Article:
Today VCS is housed in the Wakeman Center, a leafy setting off Lambert’s Cove Road with tiered ponds that lead to a cranberry bog. There, VCS shares space with other conservation organizations, a nod to the collaborative work that was the vision of the late Mary Wakeman, an ardent Vineyard conservationist who gave money for the center. VCS works with the land bank, the state, different boards, environmental groups on a revolving list of issues.

“It’s interesting how the environmental issues we focus on sometimes move in cycles,” Mr. O’Neill said, seated at a picnic table down a trail from the center. “And as we move out of a lot of land use confrontation, we move back to a lot of environmental education around sustainability and self-reliance issues.”

One new initiative involves kids, educating a new generation of “environmentally literate youth,” he said.

Current VCS staff: Signe Benjamin, Brendan O’Neill, Jeremy Houser and Samantha Look. — Heather Hamaceck

Since the 1970s, VCS has been at the forefront of advocating for recycling on Island. Work is under way to explore a plastic bag ban this fall, and possibly bring it before annual town meetings towns in the spring.

“Other communities have moved in this direction of eliminating those shopping bags from the waste stream by regulation and urging people to do what I think many Vineyarders do, bring a canvas reusable tote with you to the market,” Mr. O’Neill said. “It’s part of a broader materials recycling push that we focused on in recent years that has included recycling of our shrink wrap on boats, which generates a tremendous amount of waste, and working with shipyards to move that white plastic shrink wrap off Island for recycling.”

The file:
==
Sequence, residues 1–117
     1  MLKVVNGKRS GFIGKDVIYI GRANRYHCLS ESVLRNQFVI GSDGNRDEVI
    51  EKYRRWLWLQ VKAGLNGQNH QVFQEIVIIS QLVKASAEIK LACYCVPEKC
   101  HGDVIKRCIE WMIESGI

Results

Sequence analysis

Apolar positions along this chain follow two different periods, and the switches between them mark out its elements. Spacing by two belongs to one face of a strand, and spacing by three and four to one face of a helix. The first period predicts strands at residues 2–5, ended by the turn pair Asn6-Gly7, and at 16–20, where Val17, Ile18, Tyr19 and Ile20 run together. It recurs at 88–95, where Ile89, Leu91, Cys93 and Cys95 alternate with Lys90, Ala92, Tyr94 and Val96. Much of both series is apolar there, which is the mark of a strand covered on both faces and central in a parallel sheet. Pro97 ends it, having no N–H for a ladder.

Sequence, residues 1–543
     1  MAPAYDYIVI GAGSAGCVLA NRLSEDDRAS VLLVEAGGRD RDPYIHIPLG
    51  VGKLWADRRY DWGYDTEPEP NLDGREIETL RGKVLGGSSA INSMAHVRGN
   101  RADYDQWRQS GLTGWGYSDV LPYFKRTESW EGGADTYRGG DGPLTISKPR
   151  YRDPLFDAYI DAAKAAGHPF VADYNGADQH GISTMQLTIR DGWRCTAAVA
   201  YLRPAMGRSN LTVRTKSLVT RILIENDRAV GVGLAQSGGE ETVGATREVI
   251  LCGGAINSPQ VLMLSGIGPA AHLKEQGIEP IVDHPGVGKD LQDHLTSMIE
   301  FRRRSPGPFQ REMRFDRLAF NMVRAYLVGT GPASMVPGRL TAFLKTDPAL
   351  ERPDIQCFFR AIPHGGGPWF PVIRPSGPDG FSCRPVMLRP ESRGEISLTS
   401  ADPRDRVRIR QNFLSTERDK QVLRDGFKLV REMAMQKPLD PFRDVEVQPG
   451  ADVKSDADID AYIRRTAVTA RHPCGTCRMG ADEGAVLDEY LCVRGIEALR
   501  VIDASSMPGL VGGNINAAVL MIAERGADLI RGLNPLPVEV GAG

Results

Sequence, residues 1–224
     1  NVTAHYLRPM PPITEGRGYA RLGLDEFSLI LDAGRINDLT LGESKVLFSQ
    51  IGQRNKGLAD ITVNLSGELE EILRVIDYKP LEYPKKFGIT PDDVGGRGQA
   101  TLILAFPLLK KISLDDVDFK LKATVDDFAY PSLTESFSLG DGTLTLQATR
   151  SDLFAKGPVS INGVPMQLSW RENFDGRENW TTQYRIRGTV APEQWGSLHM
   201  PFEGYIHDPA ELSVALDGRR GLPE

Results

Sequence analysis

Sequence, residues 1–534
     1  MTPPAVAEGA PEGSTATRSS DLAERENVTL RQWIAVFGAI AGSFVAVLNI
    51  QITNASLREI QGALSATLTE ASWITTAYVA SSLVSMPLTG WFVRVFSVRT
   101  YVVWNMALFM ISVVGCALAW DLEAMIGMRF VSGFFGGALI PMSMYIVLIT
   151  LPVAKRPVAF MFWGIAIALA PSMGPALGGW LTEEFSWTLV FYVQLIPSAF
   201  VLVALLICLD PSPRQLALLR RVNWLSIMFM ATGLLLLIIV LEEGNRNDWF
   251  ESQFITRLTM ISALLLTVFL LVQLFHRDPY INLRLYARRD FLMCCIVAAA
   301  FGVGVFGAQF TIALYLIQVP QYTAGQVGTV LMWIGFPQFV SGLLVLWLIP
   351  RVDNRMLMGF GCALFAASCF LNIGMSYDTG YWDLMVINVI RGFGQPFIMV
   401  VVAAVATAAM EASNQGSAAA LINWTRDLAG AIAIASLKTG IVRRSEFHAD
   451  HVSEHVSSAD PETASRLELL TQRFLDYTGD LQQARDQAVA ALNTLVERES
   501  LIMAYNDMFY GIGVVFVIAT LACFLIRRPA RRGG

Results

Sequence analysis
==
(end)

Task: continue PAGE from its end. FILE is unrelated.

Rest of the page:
While starting new initiatives, VCS will also be continuing old battles in its 50th year. One involves a long-running legal battle over the globally-rare coastal heathlands off Moshup Trail in Aquinnah. More than 90 per cent of these heathlands have been lost worldwide, Mr. O’Neill said. This year, a key case in the dispute will be heard by the Massachusetts Supreme Judicial Court.

“One of the big challenges we see for the future is securing or ensuring conservation gains made to date aren’t reversed,” Mr. O’Neill said. On Moshup Trail, he said “Through partnerships with other organizations, through grants, through gifts from landowners from bequests and wills, we have compiled more than 40 acres of this important habitat at the cost of nearly $3 million private and public dollars. Today we’re involved in challenges from individuals seeking to develop land nearby by accessing it through the conservation land — we feel it is our obligation to ensure those conservation gains are not set back.”

And while the half-century point marks a moment to look back and look forward, it will not be marked by huge change, Mr. O’Neill said.

“We want to do more of what we do and do it better,” he concluded.

View pictures of land the VCS has helped preserve.